It was a tough read, drier than a philosophy text.

How is our society prisonlike? It’s dedicated to concealing things, hiding things, an imprisoning people not in jail cells but something far more powerful. The government–state, local, and federal–collects information on us all the time. Fingerprints, police records, Social Security information, forwarding addresses. The private sector does too, through the internet and retail stores. They see which websites you visit so that they can target you with ads, and see what products you buy at the register thanks to barcode scanners so they know how effective those ads are.

Basically, there’s a lot of information out there about you and me–information that we have no access to. Imagine a person who wanted to collect all his information. They barge into the county court house and steals their file; they goes to their internet service provider and download their information off the servers.

What happens to this person? They’re thrown in jail, of course. After all, they’re guilty of breaking and entering, going where they’re not supposed to go and taking what they’re not supposed to take. Never mind that the information belonged to them originally, or that it was collected without their consent.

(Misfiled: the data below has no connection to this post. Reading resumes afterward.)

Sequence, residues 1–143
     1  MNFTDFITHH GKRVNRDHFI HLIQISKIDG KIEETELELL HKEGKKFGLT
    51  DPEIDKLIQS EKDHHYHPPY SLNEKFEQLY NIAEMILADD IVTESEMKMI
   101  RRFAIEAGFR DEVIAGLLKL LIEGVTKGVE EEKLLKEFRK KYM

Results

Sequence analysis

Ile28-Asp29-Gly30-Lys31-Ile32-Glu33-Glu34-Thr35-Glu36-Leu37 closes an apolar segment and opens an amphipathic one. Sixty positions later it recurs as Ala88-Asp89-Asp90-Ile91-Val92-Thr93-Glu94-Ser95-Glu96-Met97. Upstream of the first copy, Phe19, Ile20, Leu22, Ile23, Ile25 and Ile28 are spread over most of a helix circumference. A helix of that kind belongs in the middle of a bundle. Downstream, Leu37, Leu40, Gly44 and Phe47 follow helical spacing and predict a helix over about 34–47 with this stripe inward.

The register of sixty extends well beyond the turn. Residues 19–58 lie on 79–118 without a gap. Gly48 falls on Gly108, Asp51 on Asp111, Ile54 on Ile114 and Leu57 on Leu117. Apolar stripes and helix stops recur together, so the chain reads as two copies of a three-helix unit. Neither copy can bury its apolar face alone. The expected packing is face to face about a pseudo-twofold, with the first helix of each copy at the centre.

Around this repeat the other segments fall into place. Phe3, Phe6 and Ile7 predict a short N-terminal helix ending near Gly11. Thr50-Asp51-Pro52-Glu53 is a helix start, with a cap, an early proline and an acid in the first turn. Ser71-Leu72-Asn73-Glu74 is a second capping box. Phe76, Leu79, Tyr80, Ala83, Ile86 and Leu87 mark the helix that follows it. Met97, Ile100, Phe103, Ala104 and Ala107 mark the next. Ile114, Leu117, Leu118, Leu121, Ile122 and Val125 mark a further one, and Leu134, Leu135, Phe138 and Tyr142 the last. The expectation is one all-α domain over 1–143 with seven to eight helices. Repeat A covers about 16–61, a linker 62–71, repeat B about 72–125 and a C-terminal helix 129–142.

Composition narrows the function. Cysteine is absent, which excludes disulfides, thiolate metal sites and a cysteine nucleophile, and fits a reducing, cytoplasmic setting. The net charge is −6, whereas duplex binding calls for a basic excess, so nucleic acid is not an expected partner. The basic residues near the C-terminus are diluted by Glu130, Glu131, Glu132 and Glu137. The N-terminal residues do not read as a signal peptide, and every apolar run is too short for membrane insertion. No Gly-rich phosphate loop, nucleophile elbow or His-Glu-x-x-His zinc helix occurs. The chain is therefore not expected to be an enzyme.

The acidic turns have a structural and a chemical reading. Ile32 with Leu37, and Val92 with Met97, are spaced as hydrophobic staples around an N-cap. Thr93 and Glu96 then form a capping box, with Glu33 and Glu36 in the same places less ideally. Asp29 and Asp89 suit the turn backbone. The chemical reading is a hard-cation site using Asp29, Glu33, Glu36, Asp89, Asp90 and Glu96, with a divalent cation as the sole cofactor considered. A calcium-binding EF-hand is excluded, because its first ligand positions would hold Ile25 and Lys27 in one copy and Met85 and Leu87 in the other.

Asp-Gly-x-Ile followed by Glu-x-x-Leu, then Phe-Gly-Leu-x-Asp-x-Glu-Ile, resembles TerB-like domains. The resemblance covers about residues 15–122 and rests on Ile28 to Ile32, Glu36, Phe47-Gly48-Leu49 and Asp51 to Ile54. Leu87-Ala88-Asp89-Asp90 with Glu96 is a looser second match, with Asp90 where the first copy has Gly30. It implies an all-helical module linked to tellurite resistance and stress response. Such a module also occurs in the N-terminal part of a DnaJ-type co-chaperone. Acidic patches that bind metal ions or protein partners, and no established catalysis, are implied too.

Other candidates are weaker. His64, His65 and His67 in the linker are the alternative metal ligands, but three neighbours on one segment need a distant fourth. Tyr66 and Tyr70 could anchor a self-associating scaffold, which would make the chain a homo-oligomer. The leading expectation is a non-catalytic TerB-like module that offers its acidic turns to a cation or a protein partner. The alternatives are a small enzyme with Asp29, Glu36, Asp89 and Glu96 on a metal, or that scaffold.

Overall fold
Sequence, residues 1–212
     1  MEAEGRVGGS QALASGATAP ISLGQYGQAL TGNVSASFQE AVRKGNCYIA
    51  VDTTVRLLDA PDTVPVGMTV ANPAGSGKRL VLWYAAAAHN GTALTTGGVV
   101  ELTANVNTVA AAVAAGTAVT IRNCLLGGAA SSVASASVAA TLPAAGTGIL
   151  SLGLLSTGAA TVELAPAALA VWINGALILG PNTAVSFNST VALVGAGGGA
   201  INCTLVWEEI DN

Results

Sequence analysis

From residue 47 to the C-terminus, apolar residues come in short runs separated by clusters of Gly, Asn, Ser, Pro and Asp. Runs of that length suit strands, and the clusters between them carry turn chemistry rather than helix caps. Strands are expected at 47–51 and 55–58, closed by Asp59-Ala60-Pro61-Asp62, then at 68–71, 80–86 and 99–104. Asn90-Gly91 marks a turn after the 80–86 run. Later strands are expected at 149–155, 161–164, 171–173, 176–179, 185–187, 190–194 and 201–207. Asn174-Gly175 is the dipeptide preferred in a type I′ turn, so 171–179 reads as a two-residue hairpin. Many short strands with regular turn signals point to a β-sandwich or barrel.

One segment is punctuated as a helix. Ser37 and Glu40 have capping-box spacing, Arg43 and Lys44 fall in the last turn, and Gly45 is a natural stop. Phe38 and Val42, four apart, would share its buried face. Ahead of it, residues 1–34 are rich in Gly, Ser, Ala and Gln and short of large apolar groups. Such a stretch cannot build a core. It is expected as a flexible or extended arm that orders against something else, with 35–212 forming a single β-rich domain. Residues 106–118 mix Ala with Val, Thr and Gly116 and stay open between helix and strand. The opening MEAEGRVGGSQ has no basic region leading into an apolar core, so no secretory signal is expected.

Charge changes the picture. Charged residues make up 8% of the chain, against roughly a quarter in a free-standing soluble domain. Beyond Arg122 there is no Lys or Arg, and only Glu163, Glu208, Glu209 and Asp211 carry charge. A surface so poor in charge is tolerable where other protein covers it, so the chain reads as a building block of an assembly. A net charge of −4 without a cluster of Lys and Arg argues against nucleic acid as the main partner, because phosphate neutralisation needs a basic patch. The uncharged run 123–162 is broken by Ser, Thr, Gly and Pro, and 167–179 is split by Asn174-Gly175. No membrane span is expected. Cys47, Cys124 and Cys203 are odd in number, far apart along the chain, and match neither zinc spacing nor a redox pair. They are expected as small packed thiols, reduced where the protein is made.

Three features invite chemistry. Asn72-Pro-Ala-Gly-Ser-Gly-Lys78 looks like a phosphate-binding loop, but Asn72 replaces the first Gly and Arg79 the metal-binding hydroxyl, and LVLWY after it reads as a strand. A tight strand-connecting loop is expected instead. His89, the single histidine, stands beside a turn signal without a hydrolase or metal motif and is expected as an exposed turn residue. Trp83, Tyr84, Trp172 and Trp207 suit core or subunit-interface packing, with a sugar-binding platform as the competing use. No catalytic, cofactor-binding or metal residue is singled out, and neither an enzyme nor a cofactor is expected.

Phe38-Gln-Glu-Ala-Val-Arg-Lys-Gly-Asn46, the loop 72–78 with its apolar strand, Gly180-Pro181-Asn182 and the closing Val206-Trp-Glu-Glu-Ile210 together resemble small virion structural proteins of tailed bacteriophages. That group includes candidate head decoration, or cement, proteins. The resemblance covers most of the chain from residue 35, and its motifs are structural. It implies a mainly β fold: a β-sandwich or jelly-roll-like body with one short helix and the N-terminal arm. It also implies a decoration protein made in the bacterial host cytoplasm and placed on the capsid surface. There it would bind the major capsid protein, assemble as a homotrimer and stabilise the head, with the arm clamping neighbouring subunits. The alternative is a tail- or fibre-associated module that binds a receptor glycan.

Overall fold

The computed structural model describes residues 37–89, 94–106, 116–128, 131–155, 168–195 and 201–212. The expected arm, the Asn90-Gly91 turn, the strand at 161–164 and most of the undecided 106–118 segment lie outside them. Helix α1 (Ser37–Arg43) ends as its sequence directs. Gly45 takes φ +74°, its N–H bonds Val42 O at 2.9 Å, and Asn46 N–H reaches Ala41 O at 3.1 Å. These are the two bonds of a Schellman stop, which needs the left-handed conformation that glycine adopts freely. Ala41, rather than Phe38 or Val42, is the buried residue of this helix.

But the funny thing is, even though many people know about the information people gather about us, no one tries to retrieve it. Even in the digital age, when accessing it could be as simple as guessing a password, no one tries. Why? Because the people in power have done their best to make our society do most of their job.

If a policeman had to follow you around everywhere to make sure you didn’t do anything wrong, that would be a tremendous strain on the government. Far better to make society itself act as the policeman. After all, who would want to steal their personal data? It’s not important, after all–just silly little things. Who would want to commit a crime? You’ll just go to jail and people will look down on you. Some people do these things anyway, of course, but there are few enough that they’re easily locked away.

If our society said information access was a fundamental human right, people would be more likely to disobey the people in power, who tell us that some things must remain “secret.” People would break the rules, and eventually break the people that made the rules too. Everyone has the right of access to any information held by the state or by private companies. Everyone has the right of access to any information that is held by another person and that is required for the exercise or protection of any rights.

These are fundamental, undeniable rights of humankind. But the people in power would say they’re not, and they’d say we’re silly for thinking so. But the reality is that they would soon fall from power if information were free, as it ought to be. Those in power remain in power because of the oppressive society they and those before them helped create. Freeing information–all information–from their grasp is the first step toward making things better. Without information, there is only nothing.